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Refusal of cervical spine immobilization after blunt trauma: Implications for initial evaluation and management: A retrospective cohort study.

Refusal of cervical spine immobilization after blunt trauma: Implications for initial evaluation and management: A retrospective cohort study.

Int J Surg. 2017 Nov 15;:

Authors: Tatum JM, Dhillon NK, Ko A, Smith EJT, Melo N, Barmparas G, Ley EJ

Abstract
INTRODUCTION: Rigid cervical collars are routinely placed in the pre-hospital setting after significant blunt trauma. Patients who are deemed competent by field personnel (Glasgow Coma Scale (GCS) ?13, no major distracting injury and not grossly intoxicated) may refuse cervical collar placement.
MATERIAL AND METHODS: A retrospective review was conducted of all adult trauma patients presenting to a Level 1 trauma center after blunt trauma with a GCS?13 and no distracting injury or gross intoxication from January 2014 to December 2014. Pre-hospital data was collected from emergency medical service reports and hospital data from patient charts. Cervical spine injury was identified by International Classification of Disease-9th Revision codes. Patients refusing cervical spine immobilization prior to arrival are compared to those who were compliant.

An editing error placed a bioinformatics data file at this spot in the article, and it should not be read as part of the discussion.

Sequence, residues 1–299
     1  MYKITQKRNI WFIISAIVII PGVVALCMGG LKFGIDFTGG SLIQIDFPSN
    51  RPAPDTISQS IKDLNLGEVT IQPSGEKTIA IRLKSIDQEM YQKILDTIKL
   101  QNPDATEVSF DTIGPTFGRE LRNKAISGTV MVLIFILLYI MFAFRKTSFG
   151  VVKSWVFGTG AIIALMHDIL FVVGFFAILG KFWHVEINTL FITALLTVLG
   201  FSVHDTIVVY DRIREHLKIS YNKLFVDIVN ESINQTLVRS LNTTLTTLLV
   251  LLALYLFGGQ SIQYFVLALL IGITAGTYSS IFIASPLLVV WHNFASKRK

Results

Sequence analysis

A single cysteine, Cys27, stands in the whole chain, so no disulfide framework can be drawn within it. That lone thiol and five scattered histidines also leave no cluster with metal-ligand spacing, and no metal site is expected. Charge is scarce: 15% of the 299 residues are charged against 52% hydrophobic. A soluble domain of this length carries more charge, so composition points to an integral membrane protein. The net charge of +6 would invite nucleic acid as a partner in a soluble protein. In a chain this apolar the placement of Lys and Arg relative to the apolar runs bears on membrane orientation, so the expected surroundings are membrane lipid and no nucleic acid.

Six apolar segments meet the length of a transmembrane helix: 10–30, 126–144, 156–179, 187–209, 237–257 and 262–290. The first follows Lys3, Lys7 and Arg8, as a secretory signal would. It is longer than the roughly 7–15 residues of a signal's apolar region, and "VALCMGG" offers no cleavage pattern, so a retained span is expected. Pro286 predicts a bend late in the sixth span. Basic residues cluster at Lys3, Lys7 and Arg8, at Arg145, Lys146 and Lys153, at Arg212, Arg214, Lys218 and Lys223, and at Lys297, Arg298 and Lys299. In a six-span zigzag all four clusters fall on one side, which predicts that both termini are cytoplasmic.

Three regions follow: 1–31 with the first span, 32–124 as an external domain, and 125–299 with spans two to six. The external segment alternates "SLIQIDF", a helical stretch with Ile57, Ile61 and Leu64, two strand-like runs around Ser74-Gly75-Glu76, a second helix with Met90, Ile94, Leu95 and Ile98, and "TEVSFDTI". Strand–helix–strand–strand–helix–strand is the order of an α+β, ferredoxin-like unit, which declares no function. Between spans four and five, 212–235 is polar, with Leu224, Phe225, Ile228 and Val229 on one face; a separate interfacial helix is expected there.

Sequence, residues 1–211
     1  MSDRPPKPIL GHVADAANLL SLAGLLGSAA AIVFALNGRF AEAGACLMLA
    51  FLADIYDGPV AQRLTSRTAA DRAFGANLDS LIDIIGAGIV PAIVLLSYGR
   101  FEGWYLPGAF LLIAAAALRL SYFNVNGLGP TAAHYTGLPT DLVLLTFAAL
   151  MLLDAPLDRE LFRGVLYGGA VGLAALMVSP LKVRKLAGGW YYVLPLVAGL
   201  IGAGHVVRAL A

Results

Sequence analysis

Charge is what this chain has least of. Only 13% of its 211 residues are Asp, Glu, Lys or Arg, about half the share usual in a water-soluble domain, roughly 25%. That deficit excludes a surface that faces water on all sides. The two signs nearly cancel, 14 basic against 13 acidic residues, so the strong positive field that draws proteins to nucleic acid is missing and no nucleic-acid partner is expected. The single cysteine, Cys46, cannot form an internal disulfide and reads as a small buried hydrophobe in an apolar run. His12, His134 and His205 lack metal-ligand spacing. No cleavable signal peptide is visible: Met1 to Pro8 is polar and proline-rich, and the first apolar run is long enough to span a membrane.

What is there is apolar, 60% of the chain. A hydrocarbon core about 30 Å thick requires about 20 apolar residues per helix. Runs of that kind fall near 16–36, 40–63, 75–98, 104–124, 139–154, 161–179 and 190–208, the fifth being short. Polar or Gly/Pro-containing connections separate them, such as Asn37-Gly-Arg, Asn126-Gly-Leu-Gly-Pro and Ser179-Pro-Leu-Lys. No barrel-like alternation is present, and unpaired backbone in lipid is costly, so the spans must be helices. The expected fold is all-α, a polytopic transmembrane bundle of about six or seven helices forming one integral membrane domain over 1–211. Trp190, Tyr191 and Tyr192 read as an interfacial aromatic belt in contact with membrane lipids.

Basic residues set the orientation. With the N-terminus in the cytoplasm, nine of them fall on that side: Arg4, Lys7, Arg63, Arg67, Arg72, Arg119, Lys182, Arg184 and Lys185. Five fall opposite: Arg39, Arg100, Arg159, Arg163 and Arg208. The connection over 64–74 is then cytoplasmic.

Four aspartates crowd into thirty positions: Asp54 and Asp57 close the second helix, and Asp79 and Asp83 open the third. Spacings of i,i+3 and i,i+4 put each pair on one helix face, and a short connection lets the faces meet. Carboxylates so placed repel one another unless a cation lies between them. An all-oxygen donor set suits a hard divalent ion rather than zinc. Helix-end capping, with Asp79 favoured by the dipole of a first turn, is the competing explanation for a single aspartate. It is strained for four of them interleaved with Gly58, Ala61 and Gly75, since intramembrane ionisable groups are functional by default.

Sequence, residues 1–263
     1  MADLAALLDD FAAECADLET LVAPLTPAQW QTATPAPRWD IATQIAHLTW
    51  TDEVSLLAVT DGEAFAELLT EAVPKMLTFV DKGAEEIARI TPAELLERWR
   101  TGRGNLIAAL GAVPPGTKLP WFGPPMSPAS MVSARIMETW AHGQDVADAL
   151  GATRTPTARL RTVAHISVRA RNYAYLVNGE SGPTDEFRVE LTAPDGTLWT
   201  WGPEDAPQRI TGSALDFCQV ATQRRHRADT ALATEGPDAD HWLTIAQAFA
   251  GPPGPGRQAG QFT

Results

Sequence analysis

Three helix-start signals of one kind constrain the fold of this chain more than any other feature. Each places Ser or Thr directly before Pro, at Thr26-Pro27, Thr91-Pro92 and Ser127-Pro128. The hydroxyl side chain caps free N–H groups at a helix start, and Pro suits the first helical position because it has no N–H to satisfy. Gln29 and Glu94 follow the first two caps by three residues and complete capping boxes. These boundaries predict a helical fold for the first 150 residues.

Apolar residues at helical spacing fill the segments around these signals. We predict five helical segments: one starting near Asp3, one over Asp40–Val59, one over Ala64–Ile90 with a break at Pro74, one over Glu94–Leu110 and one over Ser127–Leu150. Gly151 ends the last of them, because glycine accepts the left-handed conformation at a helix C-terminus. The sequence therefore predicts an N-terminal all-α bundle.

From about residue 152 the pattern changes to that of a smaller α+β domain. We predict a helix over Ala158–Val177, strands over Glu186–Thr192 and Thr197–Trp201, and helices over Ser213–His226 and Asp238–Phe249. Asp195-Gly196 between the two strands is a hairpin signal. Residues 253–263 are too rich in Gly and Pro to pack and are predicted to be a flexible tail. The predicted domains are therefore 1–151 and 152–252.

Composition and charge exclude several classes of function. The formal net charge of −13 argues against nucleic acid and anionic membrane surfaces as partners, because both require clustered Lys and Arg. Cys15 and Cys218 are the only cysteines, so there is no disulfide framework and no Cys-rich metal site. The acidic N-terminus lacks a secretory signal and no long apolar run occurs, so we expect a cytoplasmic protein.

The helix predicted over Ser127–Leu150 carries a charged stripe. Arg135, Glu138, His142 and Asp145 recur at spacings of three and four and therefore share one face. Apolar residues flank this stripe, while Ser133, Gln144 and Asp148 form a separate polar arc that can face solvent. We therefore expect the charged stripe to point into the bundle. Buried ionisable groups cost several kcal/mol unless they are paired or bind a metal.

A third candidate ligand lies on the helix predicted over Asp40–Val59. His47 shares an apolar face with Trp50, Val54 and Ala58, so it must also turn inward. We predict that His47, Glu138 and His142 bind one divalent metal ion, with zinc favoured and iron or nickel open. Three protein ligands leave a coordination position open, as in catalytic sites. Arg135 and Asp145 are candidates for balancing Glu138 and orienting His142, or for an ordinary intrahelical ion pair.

RESULTS: A total of 629 patients met inclusion criteria. Cervical spine immobilization was refused by 28 patients, while 601 complied. There were 16 cervical spine injuries (2.5%), with 3 (10.7%) in noncompliant patients and 13 (2.2%) among those who were complaint (p = 0.03).
CONCLUSION: The incidence of cervical spine injuries in patients refusing cervical collar immobilization is higher than in compliant patients. Patients arriving for initial evaluation having refused cervical collar immobilization should be treated with caution.

PMID: 29155232 [PubMed – as supplied by publisher]

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